Despite being born into great wealth and privilege, Raúl Chibas was a major figure in the revolution against the military-backed Cuban dictator Fulgencio Batista and an early supporter of Fidel Castro. In fact, there once was a decent chance that Chibas, the son of a sugar magnate with a costly education from Columbia University, would become the leader of the revolutionary government, rather than Castro. Even Castro once acknowledged, early in the struggle, that Chibas might not be a bad idea.
But Chibas, the former head of a military academy, was a moderate. And by 1960, he had become disillusioned with his powerful former comrade’s turn to the far left. He defected to America with his family and aided U.S. efforts to undermine Castro’s government. Chibas died in Miami in 2002.
On stage at the Goodman Theatre, performing a solo show about the travails of her family as part of the Latino theater festival known as Destinos, is Marissa Chibas, who happens to be Raúl Chibas’ daughter.
That also means that Marissa Chibas’ uncle was Eduardo Chibas, an outspoken Cuban broadcaster and politician who famously shot himself while on the air in Havana in 1951. Indeed, Marissa Chibas’ show, “Daughter of a Cuban Revolutionary,” is about both of these historically significant men and Chibas’ own feelings about the island in whose political history her family played so major a role.
You would not expect a daughter and niece to be dispassionate and, indeed, Marissa Chibas’ 70-minute personal memoir is openly intended to brand the Chibas family, not spoken of in today’s official Cuba, as friends of the ordinary Cuban people, downplaying their affluent, dynastic origins and emphasizing their belief in democratic change and love of the culture and people of their island. She is a skilled performer and she makes a persuasive case, although she shrewdly stays clear of U.S. politics, leading me, at least, to wonder whether she stood in terms of the Cuban embargo, re-emphasized by the administration of President Donald J. Trump.
Many of the themes of the piece follow the trajectory of other solo shows wherein immigrants to the United States have probed their complexity of feelings about the fraught place of their birth and their relationship to their adopted homeland. But Chibas is no ordinary immigrant or refugee, obviously, and her memoir will thus be of particular interest to anyone with an interest in Cuban history; it also is a reminder of the fascinating generational shift in political alliance between most of those who fled Cuba in the immediate Castro aftermath and their children, a shift now remaking the political map in Florida and beyond.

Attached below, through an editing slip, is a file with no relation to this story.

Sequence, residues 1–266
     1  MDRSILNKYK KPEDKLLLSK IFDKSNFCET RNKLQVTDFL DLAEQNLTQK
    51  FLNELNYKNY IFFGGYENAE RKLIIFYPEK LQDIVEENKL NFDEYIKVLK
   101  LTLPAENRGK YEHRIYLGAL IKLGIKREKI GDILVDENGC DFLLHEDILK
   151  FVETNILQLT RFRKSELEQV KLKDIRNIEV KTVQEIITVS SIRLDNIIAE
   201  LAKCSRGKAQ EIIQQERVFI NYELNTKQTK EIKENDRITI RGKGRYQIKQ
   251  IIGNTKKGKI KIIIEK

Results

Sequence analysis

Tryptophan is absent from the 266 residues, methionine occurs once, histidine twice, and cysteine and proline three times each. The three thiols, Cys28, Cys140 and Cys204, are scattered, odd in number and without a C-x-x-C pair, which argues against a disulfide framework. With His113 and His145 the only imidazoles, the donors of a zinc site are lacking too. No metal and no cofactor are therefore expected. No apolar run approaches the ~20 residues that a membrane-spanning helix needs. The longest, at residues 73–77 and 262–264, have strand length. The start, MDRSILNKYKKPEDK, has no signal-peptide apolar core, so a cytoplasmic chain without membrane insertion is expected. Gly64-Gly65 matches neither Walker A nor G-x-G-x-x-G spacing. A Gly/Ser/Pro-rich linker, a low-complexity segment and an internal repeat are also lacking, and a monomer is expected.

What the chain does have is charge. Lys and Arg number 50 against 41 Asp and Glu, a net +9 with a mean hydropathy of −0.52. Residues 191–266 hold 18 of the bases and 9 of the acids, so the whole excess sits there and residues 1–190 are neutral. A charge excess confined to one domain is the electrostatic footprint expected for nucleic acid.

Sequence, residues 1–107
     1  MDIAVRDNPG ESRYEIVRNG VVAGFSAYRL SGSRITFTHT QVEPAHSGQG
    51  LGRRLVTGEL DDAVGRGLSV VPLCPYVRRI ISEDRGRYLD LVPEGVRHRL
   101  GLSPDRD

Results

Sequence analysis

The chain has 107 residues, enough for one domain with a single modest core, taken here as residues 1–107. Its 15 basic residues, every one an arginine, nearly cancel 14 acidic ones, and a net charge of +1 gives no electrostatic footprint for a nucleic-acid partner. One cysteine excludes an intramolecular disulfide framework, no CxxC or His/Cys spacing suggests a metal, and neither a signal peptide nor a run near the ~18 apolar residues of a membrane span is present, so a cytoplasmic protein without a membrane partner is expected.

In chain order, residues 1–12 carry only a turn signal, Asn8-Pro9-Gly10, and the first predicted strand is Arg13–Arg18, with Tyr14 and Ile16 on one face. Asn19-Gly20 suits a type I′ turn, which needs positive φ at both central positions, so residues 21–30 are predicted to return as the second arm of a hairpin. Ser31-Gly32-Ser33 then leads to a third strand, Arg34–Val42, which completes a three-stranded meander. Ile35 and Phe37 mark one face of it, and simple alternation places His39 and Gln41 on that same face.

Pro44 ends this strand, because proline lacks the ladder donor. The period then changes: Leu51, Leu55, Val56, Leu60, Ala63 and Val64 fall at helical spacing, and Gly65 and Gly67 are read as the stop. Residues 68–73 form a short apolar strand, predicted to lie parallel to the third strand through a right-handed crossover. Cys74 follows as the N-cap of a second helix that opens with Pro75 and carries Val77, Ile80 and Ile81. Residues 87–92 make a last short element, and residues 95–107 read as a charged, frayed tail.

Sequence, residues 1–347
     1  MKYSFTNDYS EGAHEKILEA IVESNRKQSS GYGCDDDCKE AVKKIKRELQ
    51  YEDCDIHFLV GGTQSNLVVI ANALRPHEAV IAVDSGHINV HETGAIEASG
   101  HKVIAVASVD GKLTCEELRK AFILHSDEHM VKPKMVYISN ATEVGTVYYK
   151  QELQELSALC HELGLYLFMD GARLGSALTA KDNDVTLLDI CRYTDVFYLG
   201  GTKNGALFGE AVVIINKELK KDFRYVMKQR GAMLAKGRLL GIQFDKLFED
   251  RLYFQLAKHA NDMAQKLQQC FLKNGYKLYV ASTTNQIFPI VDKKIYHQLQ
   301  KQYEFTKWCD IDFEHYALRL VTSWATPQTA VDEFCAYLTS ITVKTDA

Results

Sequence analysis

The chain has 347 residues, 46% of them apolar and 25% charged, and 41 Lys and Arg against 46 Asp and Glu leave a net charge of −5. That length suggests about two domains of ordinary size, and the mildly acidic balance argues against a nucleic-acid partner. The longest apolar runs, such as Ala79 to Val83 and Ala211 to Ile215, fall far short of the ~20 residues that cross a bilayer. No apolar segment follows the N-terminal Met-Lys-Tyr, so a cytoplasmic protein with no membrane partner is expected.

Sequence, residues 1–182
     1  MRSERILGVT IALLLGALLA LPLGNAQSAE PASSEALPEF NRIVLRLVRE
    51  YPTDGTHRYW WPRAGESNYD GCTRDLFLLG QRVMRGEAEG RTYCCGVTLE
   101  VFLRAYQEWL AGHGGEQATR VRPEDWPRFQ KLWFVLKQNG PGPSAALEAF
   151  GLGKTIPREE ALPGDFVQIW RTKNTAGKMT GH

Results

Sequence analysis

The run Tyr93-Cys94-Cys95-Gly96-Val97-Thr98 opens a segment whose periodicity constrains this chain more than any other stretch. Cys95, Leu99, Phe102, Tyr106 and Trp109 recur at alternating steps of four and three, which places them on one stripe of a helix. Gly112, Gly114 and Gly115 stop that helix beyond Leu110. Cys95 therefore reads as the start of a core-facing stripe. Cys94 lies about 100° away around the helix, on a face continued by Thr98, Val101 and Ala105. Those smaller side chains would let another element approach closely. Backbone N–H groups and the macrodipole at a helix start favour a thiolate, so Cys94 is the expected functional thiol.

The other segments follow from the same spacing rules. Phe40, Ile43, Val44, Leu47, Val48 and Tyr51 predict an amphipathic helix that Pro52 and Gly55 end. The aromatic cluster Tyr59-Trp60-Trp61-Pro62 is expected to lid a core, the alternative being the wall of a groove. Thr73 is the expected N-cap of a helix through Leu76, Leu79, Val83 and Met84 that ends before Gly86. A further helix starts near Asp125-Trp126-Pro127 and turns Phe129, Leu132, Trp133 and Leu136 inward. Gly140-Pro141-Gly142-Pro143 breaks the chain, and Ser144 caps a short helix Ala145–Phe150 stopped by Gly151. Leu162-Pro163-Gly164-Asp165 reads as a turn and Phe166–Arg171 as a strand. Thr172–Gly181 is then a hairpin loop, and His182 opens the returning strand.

Destinos also has a show presently in the 1700 Theatre at the Steppenwolf Theatre Company, “The Delicate Tears of the Waning Moon," another theater piece about the personal impact of a repressive dictatorship, in this case the government of Venezuela. This offering from the Chicago-based Water People Theatre Company (which you can experience in either English or Spanish, thanks to translation screens, bilingual artists and a text blending the languages) is a far more intense experience, rooted in intense trauma whereas “Cuban Revolutionary” is organized around a gauzy dream.
The focus of this one-act, two-character play, both written by and starring Rebeca Alemán, is on investigative journalism, a profession hardly beloved by official Venezuela. Alemán, an actress capable of great intensity, plays a bedridden reporter fighting to recover from what appears to be a stroke, not quite sure of the identity of her caregiver (played by Ramón Camín) nor even what got her into this situation. As the 90-minute work unspools, we come to see it involved a story that the government did not want written. And her caregiver is a colleague from her newsroom.
Alemán’s richly crafted performance (it lives with me as I write) offers a deep dive into the challenges of coming back from cerebral injury and, well, any journalist seeing this show (directed by Iraida Tapias) is going to have a visceral reaction, as well as admiration for its exploration of the compromises and deficiencies of courage that often beset even the best newsrooms.
“Daughter of a Cuban Revolutionary” plays at the Goodman Theatre, 170 N. Dearborn St., through Oct. 13; “The Delicate Tears of the Waning Moon" plays at the Steppenwolf Theatre Company, 1700 N. Halsted St., also through Oct. 13. For more information on these shows, or on the entire Destinos, the 3rd annual Chicago Latino Theater Festival, running through Oct. 27, visit clata.org/destinos.
Chris Jones is a Tribune critic.